FYI April 09, 2019

On This Day

1454 – The Treaty of Lodi is signed, establishing a balance of power among northern Italian city-states for almost 50 years.
The Treaty of Lodi, also known as the Peace of Lodi was a peace agreement between Milan, Naples, and Florence signed on 9 April 1454 at Lodi in Lombardy, on the banks of the Adda. It put an end to the long struggles between expansive Milan, under Filippo Maria Visconti, and Venice in the terraferma, which had produced a single decisive Venetian victory, at the battle of Maclodio in 1427, in which the Venetian ally was Florence, but had resulted in no lasting peace: see Wars in Lombardy. After a further generation of intermittent seasonal campaigning, the Treaty of Lodi established permanent boundaries between Milanese and Venetian territories in Northern Italy, along the river Adda.[1] Francesco Sforza was confirmed as the rightful duke of Milan. A principle of a balance of power in Northern Italy was established, one that excluded ambitions of smaller states: the republic of Genoa, the house of Savoy, the Gonzaga and the Este.

A related agreement was signed at Venice on 30 August, among Milan, Venice and Florence, which had switched sides, in which the parties bound themselves to principles of non-aggression. The Kingdom of Naples and the smaller cities, even the Papal States, soon joined the Italic League.[2] Thus, the Peace of Lodi brought Milan and Naples into a definitive peace alliance with Florence. Francesco Sforza would base his lifelong external policy on this principle of balance of power. The status quo established at Lodi lasted until 1494, when French troops intruded into Italian affairs under Charles VIII, initiating the Italian Wars.

The Treaty was abrogated in 1483 when Venice and the Pope fought a war against Milan.

While lasting less than 50 years, some scholars have argued that the Treaty provided a proto-Westphalian model of an inter-city-state system (as opposed to an inter-nation-state system) following a century of incessant warfare in Northern Italy.[3][4] The Treaty functioned to temporarily institutionalize a regional balance of power in which outright warfare gave way to diplomacy.


Born On This Day

1336 – Timur, founder of the Timurid Empire (d. 1405)
Timur[3] (Persian: تیمور‎ Temūr, Chagatai: Temür; 9 April 1336 – 18 February 1405), historically known as Amir Timur and Tamerlane[4] (Persian: تيمور لنگ‎ Temūr(-i) Lang, “Timur the Lame”), was a Turco-Mongol conqueror. As the founder of the Timurid Empire in Persia and Central Asia, he became the first ruler in the Timurid dynasty.[5] According to John Joseph Saunders, Timur was “the product of an islamized and iranized society”, and not steppe nomadic.[6]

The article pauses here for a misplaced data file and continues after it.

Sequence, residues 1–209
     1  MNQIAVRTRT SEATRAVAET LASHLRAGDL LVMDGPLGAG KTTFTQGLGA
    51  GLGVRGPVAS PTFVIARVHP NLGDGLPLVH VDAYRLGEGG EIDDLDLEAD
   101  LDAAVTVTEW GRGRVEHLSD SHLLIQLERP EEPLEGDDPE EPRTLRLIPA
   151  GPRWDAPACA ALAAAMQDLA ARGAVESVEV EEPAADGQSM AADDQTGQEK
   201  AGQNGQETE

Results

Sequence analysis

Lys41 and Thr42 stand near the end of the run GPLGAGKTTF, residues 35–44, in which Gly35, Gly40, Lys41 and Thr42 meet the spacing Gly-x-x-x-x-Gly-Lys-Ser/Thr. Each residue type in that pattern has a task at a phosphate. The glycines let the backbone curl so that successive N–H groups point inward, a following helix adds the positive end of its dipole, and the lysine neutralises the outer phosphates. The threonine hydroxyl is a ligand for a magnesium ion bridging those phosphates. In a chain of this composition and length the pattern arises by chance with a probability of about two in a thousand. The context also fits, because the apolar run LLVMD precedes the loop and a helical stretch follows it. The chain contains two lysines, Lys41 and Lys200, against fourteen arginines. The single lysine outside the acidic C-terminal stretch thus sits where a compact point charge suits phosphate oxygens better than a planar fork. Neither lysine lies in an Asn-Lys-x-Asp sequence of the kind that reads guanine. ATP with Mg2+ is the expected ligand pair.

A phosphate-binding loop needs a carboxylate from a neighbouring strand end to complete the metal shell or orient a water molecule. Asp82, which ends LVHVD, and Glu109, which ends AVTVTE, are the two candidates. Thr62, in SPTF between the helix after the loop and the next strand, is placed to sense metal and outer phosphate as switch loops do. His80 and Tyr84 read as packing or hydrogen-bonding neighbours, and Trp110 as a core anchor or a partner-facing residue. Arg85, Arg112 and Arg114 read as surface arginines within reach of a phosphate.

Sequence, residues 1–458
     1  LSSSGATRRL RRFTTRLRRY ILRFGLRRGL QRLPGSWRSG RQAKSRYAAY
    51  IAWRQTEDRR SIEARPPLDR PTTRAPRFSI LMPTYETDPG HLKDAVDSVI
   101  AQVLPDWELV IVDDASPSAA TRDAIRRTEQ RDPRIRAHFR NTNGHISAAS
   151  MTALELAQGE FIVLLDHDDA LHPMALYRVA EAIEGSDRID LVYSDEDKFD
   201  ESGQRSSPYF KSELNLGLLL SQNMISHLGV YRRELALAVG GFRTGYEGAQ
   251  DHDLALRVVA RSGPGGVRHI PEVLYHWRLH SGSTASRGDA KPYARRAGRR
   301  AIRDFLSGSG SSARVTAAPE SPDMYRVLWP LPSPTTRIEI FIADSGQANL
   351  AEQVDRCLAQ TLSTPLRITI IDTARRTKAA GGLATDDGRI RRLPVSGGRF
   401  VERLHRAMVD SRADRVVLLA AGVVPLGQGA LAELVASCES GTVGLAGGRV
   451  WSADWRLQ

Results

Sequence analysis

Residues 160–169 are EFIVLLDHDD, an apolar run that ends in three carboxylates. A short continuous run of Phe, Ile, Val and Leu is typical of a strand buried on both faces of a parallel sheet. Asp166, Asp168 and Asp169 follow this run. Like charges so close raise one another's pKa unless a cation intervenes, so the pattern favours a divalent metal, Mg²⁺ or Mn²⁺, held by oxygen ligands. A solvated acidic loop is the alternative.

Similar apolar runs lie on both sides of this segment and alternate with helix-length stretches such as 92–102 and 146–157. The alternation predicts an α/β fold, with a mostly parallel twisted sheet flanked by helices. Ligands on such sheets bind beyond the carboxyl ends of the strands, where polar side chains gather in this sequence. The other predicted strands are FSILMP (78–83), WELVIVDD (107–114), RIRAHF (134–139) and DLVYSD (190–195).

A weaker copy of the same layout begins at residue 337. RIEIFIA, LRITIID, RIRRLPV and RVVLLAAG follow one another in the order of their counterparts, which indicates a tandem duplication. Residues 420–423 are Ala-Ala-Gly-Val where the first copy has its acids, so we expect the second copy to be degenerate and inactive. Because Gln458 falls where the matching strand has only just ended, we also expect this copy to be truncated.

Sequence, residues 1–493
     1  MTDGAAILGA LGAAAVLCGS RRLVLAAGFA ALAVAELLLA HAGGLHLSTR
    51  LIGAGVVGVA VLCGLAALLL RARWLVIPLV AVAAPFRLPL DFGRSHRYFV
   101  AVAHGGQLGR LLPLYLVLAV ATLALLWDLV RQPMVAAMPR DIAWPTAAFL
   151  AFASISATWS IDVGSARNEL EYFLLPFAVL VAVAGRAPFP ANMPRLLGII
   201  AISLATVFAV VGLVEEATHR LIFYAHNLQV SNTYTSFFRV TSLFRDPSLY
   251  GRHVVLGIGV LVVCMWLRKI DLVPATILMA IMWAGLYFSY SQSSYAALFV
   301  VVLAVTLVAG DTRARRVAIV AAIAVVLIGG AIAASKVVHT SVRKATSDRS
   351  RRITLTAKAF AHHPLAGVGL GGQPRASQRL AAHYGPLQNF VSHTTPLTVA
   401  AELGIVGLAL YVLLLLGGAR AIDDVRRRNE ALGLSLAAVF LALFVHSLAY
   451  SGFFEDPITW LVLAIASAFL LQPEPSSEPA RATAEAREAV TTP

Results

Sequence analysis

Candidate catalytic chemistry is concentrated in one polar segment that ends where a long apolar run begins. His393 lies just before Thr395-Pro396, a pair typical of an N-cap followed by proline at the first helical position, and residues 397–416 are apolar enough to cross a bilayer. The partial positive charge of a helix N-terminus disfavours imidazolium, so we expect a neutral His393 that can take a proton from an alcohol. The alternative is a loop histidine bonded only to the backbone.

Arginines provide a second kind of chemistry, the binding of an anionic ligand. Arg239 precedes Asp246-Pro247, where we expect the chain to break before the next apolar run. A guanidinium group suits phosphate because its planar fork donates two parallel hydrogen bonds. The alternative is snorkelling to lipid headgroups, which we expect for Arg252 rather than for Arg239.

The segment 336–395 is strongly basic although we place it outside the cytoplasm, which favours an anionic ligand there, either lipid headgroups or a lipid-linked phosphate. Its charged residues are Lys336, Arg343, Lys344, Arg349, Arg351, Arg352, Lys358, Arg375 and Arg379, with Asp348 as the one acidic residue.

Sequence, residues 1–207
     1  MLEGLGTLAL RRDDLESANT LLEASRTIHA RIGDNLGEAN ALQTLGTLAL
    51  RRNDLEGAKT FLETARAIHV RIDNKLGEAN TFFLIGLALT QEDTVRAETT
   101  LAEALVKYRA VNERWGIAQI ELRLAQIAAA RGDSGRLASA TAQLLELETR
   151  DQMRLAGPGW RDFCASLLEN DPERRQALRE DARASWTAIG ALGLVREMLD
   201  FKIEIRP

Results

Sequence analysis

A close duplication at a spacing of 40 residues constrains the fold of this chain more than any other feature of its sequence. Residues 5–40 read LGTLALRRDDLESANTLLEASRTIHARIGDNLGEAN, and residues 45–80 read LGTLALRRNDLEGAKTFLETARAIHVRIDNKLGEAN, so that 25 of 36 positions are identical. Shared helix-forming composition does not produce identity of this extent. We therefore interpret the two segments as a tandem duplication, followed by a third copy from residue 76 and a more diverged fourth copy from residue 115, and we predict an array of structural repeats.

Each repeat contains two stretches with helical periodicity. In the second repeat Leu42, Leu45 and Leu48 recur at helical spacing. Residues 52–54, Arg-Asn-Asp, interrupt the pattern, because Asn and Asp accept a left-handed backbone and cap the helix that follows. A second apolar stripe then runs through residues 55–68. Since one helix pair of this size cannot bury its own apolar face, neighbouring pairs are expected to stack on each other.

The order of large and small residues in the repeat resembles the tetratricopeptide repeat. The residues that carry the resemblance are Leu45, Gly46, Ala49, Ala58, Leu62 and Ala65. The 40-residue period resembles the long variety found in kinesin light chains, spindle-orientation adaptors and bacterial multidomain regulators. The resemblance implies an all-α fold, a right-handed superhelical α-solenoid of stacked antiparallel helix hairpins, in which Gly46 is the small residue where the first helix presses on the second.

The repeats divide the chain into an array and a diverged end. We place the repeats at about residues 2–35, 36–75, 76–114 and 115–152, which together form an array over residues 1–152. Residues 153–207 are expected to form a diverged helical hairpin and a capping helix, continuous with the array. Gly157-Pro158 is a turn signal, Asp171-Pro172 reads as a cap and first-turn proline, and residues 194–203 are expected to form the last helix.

Born into the Barlas confederation in Transoxiana (in modern-day Uzbekistan) on 9 April 1336, Timur gained control of the western Chagatai Khanate by 1370. From that base, he led military campaigns across Western, South and Central Asia, the Caucasus and southern Russia, and emerged as the most powerful ruler in the Muslim world after defeating the Mamluks of Egypt and Syria, the emerging Ottoman Empire, and the declining Delhi Sultanate.[7] From these conquests, he founded the Timurid Empire, but this empire fragmented shortly after his death.

Timur was the last of the great nomadic conquerors of the Eurasian Steppe, and his empire set the stage for the rise of the more structured and lasting Gunpowder Empires in the 16th and 17th centuries.[8][9]:1 Timur envisioned the restoration of the Mongol Empire of Genghis Khan (died 1227) and according to Gérard Chaliand, saw himself as Genghis Khan’s heir.[10] Though not a Borjigid or a descendent of Genghis Khan,[11] he clearly sought to invoke the legacy of the latter’s conquests during his lifetime.[12] According to Beatrice Forbes Manz, “in his formal correspondence Temur continued throughout his life to portray himself as the restorer of Chinggisid rights. He justified his Iranian, Mamluk, and Ottoman campaigns as a re-imposition of legitimate Mongol control over lands taken by usurpers.”[13] To legitimize his conquests, Timur relied on Islamic symbols and language, referred to himself as the “Sword of Islam”, and patronized educational and religious institutions. He converted nearly all the Borjigin leaders to Islam during his lifetime. Timur decisively defeated the Christian Knights Hospitaller at the Siege of Smyrna, styling himself a ghazi.[14]:91 By the end of his reign, Timur had gained complete control over all the remnants of the Chagatai Khanate, the Ilkhanate, and the Golden Horde, and even attempted to restore the Yuan dynasty in China.

Timur’s armies were inclusively multi-ethnic and were feared throughout Asia, Africa, and Europe,[14] sizable parts of which his campaigns laid to waste.[15] Scholars estimate that his military campaigns caused the deaths of 17 million people, amounting to about 5% of the world population at the time.[16][17]

He was the grandfather of the Timurid sultan, astronomer and mathematician Ulugh Beg, who ruled Central Asia from 1411 to 1449, and the great-great-great-grandfather of Babur (1483–1530), founder of the Mughal Empire, which ruled parts of South Asia for over three centuries, from 1526 until 1857.[18][19] Timur is considered as a great patron of art and architecture, as he interacted with intellectuals such as Ibn Khaldun and Hafiz-i Abru.[14]:341–2




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